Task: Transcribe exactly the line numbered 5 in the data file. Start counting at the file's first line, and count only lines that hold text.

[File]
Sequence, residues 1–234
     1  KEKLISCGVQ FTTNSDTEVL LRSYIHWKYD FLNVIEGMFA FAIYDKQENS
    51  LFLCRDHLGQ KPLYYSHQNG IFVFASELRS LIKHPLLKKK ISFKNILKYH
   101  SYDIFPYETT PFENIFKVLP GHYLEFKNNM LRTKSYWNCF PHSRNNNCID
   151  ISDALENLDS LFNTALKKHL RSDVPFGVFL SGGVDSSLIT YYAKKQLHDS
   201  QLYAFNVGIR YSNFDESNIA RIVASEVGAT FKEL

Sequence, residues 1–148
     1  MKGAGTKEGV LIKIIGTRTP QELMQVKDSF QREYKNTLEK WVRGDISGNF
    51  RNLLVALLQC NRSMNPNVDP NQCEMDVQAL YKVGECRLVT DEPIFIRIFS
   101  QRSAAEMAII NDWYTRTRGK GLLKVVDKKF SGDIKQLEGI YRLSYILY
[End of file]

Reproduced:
   151  ISDALENLDS LFNTALKKHL RSDVPFGVFL SGGVDSSLIT YYAKKQLHDS